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Opposition Mounts to British Leader's Move to Suspend Parliament as Brexit Deadline Nears


Anti-Brexit supporters gather outside the Prime Minister's residence 10 Downing Street in London, Wednesday, Aug. 28, 2019.

British Prime Minister Boris Johnson continued to face mounting criticism Thursday over his move to suspend parliament until mid-October, only weeks before Britain's scheduled departure from the European Union.

Wednesday's move quickly drew anger from lawmakers opposed to his planned withdrawal from the EU on October 31 without a deal and cuts the time they will have to try to block him and avoid the risk of a disorderly separation.

Johnson's maneuver sparked protests outside parliament and in other towns and cities. An online petition against the move has been signed by more than 1 million people.

A man dressed as a clown and wearing a Boris Johnson mask protest in front of the Downing Street gate in London, Aug. 29, 2019.
A man dressed as a clown and wearing a Boris Johnson mask protest in front of the Downing Street gate in London, Aug. 29, 2019.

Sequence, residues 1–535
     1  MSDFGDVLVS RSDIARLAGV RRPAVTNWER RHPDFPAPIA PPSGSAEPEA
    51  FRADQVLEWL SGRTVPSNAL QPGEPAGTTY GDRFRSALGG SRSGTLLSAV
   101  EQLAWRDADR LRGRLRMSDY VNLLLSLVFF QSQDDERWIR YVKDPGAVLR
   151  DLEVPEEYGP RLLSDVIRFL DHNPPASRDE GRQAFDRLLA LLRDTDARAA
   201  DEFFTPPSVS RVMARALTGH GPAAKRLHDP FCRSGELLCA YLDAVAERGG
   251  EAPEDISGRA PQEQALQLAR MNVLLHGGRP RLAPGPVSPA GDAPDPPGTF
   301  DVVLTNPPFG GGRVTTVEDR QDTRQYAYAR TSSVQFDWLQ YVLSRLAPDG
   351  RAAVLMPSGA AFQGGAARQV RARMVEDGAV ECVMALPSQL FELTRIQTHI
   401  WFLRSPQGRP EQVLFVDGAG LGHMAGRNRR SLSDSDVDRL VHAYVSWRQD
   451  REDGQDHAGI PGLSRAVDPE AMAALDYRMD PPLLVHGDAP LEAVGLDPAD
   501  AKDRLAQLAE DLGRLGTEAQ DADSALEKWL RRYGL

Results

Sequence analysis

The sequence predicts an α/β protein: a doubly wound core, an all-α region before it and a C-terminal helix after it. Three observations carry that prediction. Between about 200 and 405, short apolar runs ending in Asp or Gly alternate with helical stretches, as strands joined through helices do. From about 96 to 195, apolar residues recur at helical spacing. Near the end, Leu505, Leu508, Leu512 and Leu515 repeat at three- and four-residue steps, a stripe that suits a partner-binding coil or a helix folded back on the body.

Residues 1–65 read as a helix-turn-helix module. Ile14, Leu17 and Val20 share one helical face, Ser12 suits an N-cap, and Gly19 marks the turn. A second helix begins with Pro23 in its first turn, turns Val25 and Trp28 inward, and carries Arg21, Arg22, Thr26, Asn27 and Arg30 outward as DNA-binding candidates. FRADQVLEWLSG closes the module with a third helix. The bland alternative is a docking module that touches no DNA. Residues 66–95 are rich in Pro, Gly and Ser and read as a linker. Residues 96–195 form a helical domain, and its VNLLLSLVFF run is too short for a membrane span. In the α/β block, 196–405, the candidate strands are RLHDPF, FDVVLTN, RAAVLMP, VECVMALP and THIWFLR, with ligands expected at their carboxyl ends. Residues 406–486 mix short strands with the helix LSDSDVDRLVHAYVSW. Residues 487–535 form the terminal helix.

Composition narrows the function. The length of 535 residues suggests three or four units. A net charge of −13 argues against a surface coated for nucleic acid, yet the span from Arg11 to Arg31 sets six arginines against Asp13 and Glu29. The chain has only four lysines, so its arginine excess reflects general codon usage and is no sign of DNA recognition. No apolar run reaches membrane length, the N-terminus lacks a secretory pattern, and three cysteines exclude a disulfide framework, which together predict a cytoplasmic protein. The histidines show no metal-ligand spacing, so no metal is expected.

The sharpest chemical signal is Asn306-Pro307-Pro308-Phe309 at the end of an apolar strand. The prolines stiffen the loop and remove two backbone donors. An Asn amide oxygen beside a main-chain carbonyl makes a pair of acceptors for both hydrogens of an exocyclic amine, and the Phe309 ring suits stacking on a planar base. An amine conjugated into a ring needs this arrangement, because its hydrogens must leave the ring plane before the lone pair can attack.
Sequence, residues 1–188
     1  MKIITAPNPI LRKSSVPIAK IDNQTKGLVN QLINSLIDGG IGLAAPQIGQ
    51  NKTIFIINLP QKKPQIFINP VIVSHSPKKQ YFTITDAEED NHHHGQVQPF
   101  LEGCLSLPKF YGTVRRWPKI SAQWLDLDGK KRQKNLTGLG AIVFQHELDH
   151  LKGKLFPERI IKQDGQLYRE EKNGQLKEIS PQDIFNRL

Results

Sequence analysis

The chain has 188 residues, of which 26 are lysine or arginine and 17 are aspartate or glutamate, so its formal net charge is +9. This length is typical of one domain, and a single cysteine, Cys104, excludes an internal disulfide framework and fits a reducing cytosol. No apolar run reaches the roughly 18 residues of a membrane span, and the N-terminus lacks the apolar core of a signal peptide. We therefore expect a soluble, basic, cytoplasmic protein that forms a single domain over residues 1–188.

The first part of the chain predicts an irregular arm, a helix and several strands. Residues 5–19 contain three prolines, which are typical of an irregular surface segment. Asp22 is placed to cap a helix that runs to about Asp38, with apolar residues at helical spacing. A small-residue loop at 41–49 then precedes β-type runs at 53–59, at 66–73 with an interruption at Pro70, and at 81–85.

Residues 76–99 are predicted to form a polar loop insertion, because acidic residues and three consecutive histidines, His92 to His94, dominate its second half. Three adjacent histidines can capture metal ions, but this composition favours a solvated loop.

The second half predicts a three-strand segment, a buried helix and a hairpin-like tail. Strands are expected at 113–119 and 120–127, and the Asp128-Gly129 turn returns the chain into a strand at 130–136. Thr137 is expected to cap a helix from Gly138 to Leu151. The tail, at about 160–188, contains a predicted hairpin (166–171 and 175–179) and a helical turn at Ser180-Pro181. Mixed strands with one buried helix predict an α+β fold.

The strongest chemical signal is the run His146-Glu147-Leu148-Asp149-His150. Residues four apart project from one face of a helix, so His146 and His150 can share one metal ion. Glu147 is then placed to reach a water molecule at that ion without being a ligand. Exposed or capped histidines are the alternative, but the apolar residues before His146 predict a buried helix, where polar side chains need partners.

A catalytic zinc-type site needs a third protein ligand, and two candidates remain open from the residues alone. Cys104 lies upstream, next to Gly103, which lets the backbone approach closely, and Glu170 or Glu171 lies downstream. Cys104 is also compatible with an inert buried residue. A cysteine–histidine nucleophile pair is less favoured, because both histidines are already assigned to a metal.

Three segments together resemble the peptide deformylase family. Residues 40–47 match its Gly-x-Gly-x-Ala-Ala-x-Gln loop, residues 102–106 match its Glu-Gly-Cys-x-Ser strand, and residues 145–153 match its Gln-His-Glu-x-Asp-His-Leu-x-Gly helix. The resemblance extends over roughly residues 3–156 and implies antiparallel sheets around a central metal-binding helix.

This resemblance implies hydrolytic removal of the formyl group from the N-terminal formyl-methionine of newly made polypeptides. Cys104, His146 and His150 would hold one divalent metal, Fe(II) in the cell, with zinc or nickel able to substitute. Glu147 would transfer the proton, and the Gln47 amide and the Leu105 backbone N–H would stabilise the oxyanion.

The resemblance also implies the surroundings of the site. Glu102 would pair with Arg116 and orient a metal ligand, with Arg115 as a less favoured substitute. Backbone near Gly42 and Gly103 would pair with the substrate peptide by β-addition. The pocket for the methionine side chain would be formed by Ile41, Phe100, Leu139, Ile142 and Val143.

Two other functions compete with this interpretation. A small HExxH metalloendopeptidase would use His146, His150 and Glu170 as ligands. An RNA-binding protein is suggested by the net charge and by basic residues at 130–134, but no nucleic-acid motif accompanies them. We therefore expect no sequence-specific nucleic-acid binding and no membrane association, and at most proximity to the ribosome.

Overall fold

The move has also sparked friction within Johnson's Conservative Party and triggered accusations from critics that the government was threatening Britain's democracy by dismissing the norms of the country's unwritten constitution.

House of Commons leader Jacob Rees-Mogg, however, is defending Johnson's move. He described the backlash in a BBC interview as "phony" and said it's generated by people who "don't want the benefits of leaving the European Union."

Legal challenges have also been announced. Legislators have asked a Scottish court to rule the suspension of parliament illegal. And leading anti-Brexit campaigner Ginal Miller said she has applied for an expedited judicial review challenging the "effect and the intention" of the suspension.

Anti Brexit protestors wave their flags opposite Parliament in London, Thursday, Aug. 29, 2019.